Raissa: This is how our flavour development begins every time. We start with an initial idea based on the flavour pairing technique, we then work on four to five developments and finally we have one full day in the laboratory to finalise the product – adding a bit more of a specific ingredient, a bit less of sugar, a bit more carbonisation etc. Next step is to take it out and have as many people, in the trade as well as consumers, as possible to try it and feedback. We collect all feedback and finally produce a first batch. We love feedback and are always very interested in what people have to say about the flavours.

The science of flavour is something you reference on your website. How do you use molecular gastronomy to help you develop your products?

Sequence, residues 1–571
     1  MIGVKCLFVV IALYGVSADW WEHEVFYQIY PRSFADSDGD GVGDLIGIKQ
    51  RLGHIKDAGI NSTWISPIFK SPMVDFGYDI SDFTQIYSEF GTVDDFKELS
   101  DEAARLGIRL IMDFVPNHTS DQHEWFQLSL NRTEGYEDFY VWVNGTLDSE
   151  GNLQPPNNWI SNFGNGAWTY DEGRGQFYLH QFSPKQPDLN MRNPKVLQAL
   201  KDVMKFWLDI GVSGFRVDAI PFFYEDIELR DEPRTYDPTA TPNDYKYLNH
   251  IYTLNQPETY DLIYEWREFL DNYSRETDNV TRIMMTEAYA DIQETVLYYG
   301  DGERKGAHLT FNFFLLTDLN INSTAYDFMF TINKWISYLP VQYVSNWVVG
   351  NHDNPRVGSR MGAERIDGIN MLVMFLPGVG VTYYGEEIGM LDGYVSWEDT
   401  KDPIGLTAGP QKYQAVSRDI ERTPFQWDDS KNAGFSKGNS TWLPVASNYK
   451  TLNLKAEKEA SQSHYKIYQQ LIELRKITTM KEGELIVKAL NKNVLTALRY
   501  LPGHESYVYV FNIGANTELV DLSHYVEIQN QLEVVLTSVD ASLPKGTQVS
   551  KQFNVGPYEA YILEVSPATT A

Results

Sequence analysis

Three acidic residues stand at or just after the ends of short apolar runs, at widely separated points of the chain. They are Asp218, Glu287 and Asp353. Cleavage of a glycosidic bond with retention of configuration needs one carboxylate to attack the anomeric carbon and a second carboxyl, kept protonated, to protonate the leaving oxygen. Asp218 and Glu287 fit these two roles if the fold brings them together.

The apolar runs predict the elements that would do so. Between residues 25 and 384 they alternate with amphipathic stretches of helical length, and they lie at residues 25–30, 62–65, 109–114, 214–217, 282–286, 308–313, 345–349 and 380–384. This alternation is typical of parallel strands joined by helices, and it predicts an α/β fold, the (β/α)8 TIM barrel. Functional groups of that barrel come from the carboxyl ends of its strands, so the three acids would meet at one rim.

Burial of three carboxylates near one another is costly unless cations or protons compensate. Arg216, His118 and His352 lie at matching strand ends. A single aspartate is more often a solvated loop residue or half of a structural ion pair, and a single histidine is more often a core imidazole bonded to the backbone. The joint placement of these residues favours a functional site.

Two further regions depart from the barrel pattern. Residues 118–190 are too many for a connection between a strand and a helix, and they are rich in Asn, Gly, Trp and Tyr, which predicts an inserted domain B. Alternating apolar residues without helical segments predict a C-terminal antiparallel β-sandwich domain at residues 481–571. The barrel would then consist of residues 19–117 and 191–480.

Raissa: Our recipes are inspired by flavour pairing, which basically helps us find the chemical components that specific spirits have in common with certain ingredients. The process starts with an analysis of a certain type of ingredient or food. The aroma compounds are then determined and quantified. The essence is to combine different ingredients that share the same intrinsic properties to create unique and counter-intuitive flavour combinations. With this, we look at the enhancement of spirits but also at the enhancement of flavours within the soft drink itself. This technique really enabled us to create much more innovative, delicate and refined flavour combinations.